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The English Beat to play Vail

Charlie Owen
Vail, CO, Colorado
Special to the Daily
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VAIL, Colorado ” There are few bands playing today that can fuse the past and present into one moment in time.

Dave Wakeling of The English Beat is proud to be in one of those bands.

The annual Street Beat concert series returns this week with ska legends The English Beat leading off the line-up.



The English Beat got its start in England in 1978. They had a string of hits during the late ’70s and early ’80s with songs like “Tears of a Clown,” and “Hands Off … She’s Mine,” and their fame spread to the States, where they remain a popular act today.

“We’ve been thrilled that not only are we a legacy act, but it would appear that politically the times nowadays are in some way similar to when we were writing the songs,” said Wakeling, singer and guitarist for The English Beat, during a phone interview.



Many of the band’s songs have underlying social or political lyrics covered by upbeat melodies and dance music. Their fusion of soul, reggae, ska and punk has become their signature sound, but often drowns out the message in their songs.

According to Wakeling, many of their biggest influences from the reggae genre (such as Bob Marley) used the positive elements of music to keep people in a peaceful mood while providing social commentary with their lyrics.

“From a distance it sounds so happy and jolly, and then as you dig into the lyrics you find that people are often singing about oppression or tribulation or suffering of one sort or another,” said Wakeling, who was struck by the fair representation of life that this paradox provides. The combination of happy and sad ” war and peace ” is what makes his music relative, even 30 years into his career.



“You could touch upon things in the lyrics that dealt with some of the tragedies of life but you could still do it in a framework remembering that life itself is full of joy,” Wakeling said.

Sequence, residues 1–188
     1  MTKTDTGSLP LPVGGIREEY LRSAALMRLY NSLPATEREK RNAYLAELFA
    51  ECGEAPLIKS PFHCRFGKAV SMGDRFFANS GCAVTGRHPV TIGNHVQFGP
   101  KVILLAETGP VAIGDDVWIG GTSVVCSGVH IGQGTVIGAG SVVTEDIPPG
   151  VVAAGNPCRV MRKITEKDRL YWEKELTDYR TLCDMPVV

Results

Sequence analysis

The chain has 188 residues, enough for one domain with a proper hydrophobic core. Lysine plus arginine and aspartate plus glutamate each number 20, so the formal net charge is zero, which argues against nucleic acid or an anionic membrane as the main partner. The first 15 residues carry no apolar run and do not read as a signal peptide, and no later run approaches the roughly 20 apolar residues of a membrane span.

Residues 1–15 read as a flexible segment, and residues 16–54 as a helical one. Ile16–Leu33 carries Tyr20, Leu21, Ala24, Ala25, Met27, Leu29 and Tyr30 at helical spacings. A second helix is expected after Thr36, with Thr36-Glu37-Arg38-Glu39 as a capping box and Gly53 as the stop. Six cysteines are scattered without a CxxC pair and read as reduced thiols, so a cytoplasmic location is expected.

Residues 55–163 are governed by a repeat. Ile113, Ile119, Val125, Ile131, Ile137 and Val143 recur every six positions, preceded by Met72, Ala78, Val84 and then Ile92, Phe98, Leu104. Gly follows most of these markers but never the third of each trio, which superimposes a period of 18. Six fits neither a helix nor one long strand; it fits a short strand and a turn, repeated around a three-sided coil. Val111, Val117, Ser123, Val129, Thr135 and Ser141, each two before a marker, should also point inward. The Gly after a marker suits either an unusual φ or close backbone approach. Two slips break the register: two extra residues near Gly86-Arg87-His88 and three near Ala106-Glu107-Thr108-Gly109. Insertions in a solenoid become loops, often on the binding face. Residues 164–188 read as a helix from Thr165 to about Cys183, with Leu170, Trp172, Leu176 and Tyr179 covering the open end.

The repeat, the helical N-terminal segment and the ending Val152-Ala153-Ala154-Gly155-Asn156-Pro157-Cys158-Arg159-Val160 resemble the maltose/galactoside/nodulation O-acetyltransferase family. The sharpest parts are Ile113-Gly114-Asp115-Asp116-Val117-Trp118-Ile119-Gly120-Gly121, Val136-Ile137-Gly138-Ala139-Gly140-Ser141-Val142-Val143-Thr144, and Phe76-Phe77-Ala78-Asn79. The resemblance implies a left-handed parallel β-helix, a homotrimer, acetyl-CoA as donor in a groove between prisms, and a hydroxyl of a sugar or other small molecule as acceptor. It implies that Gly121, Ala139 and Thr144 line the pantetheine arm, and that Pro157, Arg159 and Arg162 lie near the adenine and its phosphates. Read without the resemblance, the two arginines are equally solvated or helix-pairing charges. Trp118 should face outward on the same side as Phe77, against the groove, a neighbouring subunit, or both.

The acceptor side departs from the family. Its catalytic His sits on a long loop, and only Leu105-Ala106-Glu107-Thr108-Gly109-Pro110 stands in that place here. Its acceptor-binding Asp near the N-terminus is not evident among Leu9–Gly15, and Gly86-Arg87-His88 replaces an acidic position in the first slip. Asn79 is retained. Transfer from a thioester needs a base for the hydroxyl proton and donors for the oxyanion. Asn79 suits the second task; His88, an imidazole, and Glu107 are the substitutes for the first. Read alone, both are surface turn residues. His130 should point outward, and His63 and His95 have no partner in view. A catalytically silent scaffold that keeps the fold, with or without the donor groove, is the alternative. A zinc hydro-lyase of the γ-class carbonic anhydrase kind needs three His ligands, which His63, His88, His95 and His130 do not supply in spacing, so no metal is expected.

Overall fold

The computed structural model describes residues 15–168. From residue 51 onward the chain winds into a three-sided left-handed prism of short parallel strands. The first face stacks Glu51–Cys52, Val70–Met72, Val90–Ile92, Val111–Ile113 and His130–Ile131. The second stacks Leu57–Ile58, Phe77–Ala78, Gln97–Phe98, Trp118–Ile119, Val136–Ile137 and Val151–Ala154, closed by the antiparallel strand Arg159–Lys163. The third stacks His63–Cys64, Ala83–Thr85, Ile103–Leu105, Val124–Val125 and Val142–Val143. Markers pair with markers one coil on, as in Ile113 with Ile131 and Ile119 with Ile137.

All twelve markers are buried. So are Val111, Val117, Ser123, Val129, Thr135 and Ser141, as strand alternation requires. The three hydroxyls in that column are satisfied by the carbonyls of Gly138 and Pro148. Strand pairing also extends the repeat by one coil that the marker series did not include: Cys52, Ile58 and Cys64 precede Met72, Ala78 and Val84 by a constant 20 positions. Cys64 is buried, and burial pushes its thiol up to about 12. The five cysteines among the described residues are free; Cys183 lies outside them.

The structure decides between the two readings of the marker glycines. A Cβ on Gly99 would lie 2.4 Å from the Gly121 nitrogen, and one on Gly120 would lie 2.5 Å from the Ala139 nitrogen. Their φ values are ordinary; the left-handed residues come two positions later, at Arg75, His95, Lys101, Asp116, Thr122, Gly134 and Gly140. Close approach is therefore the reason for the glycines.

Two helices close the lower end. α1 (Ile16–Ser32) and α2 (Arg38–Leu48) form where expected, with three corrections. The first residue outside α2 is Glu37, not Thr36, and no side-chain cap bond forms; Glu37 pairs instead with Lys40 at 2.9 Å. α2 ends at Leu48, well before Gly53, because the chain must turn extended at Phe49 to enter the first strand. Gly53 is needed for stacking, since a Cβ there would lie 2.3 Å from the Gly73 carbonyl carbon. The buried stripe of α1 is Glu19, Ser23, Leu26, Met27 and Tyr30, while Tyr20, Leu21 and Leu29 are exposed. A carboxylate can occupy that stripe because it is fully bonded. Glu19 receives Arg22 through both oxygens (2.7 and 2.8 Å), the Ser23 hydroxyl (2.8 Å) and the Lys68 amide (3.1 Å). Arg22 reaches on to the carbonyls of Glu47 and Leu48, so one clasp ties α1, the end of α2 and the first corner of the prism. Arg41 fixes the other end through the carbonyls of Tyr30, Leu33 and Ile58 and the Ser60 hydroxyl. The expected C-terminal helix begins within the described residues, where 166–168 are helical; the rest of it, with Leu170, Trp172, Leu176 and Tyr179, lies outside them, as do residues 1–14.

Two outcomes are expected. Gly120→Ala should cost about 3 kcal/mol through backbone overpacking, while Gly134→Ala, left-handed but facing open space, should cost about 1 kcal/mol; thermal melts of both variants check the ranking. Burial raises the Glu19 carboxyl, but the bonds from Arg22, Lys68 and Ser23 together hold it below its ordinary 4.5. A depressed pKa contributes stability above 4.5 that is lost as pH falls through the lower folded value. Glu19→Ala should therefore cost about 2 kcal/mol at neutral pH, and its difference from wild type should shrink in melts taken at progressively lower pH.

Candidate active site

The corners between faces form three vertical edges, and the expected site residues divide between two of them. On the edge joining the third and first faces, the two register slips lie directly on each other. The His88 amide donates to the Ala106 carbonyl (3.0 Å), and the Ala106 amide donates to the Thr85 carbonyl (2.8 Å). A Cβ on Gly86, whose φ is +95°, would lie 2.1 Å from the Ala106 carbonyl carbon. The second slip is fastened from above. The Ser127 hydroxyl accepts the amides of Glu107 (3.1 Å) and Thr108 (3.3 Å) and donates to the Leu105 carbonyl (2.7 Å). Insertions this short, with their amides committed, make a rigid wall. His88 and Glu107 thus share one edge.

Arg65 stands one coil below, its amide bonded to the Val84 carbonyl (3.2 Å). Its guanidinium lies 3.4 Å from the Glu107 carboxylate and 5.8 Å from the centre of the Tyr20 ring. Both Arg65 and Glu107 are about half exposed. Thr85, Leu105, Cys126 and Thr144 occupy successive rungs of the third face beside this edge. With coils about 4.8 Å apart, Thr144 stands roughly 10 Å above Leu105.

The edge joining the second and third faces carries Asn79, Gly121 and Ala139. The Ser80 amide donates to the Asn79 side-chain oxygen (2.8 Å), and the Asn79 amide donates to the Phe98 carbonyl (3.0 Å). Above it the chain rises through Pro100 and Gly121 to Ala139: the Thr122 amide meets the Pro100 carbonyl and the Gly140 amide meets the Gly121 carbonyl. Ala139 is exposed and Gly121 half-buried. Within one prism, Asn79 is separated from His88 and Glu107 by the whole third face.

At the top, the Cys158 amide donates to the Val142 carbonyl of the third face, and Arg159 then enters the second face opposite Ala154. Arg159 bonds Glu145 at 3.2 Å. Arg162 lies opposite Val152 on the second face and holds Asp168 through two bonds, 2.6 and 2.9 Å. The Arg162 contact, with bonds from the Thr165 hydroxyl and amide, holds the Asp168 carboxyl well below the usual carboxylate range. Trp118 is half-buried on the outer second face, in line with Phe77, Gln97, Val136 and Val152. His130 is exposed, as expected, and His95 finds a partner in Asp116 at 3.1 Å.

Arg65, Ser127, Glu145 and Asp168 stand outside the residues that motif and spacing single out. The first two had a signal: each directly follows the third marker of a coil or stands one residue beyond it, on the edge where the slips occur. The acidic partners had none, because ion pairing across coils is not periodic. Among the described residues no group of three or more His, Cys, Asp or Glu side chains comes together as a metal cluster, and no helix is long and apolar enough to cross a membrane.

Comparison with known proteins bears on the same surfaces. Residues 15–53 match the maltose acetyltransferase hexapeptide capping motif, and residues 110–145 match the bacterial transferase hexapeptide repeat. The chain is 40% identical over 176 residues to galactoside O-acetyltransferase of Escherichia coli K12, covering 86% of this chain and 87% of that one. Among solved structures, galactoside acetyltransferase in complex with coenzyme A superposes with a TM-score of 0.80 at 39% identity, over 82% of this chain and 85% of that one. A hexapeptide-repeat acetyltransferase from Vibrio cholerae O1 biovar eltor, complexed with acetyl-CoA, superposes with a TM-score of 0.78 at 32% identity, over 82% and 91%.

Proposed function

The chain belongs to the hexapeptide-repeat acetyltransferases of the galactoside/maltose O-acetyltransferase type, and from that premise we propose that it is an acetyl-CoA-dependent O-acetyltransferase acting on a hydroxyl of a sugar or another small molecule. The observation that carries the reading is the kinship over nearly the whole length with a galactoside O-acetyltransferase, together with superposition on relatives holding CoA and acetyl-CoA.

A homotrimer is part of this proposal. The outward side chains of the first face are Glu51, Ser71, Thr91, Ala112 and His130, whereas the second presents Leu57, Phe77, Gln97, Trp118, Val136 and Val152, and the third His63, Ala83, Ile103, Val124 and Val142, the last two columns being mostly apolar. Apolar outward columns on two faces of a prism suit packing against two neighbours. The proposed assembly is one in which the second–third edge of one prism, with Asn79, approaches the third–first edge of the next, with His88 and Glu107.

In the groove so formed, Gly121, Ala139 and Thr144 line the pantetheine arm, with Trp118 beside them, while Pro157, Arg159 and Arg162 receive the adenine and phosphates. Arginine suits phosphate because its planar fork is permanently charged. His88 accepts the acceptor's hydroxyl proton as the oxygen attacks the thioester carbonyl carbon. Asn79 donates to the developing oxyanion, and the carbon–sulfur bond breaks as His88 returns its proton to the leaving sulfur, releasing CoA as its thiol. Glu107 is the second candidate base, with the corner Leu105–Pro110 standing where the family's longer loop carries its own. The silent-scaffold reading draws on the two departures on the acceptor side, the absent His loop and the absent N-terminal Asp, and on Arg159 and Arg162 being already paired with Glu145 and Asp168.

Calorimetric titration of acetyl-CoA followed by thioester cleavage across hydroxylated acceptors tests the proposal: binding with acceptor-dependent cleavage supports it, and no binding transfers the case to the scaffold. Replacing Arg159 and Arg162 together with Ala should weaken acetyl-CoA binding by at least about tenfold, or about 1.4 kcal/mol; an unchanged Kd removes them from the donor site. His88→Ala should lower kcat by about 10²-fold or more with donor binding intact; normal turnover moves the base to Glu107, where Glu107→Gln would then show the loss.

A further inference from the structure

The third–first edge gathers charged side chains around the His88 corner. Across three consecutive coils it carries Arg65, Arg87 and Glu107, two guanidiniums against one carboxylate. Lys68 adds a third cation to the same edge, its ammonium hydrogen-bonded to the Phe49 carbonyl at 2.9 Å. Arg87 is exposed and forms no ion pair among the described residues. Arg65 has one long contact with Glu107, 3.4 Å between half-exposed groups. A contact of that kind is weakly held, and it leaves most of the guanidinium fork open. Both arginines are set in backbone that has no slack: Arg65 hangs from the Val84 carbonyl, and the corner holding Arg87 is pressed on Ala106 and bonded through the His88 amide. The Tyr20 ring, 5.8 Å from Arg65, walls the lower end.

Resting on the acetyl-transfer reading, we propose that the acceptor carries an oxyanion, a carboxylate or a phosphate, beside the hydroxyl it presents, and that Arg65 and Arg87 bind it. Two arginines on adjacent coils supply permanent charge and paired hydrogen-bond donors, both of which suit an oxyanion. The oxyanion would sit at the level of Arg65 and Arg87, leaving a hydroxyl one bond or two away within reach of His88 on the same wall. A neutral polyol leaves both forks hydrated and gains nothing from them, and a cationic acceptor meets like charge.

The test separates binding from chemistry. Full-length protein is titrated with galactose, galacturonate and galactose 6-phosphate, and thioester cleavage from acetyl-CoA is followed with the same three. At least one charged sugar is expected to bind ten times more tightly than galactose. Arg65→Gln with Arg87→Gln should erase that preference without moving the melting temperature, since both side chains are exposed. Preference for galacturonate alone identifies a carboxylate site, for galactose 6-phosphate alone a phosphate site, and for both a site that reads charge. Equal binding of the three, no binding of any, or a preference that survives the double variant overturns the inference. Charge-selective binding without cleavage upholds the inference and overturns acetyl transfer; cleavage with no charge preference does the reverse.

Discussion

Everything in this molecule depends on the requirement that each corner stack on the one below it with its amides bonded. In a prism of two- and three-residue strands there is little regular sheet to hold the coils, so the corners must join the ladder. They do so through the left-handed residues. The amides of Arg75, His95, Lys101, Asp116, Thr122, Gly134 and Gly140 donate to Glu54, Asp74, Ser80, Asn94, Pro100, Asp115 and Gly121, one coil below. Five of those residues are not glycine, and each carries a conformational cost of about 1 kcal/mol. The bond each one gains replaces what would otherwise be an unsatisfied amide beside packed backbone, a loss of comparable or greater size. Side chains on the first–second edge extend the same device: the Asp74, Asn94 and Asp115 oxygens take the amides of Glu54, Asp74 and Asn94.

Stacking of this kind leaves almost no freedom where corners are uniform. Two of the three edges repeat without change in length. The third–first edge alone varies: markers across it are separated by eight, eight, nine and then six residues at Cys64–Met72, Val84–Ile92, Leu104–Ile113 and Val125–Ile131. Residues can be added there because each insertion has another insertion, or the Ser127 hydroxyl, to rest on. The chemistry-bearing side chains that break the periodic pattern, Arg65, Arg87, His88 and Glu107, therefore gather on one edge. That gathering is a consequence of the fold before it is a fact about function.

Indeed, there has probably been no other time in the world where that level of optimism is necessary.

He is cheerful about America’s role in the world, saying that the country does more good than bad. Wakeling has lived in America for 20 years now, and feels more at home here than his native England, he said.

Universal peace, racial harmony and environmental concerns are all themes that Wakeling feels are very important, and therefore includes in many of his lyrics.

He recently wrote two new songs called “If Killing Worked It Would Have Worked By Now,” and “How Can You Stand There,” which focuses on the violence in the Middle East and global warming.

“I think there’s an underlying sense of greed behind both of those issues, and most of the other issues, that seems to not be working out very well for human beings as a whole,” Wakeling said.

But he remains positive in the face of world-wide turmoil, stating that his music helps people who feel things are only getting worse.

The English Beat are in the process of recording several new LPs, which will likely be released as early as next spring, Wakeling said. The albums will contain new material, remixes of their old songs and some acoustic songs. The response shown by crowds at their recent shows (they played 130 this year) has been overwhelmingly great, and he feels that the release of new material is the next logical step.

Vail resident Paul McCarthy has been a fan of The English Beat since the ’80s and plans on going to see them tonight.

“It’s a very fun show,” said McCarthy, who saw them play last year at 8150. “I really dig the beat, it’s very upbeat for the most part and very easy to jump around.”

Wakeling often has fans approach him about the impact that his music has on their lives.

Just hearing his fans tell him that his music gives them hope in dark times and reminds them that we are all part of the same world is enough to make Wakeling feel like he’s making a difference.

“You couldn’t really hope for more than that as a musician,” Wakeling said.

High Life Writer Charlie Owen can be reached at 748-2939 or cowen@vaildaily.com.


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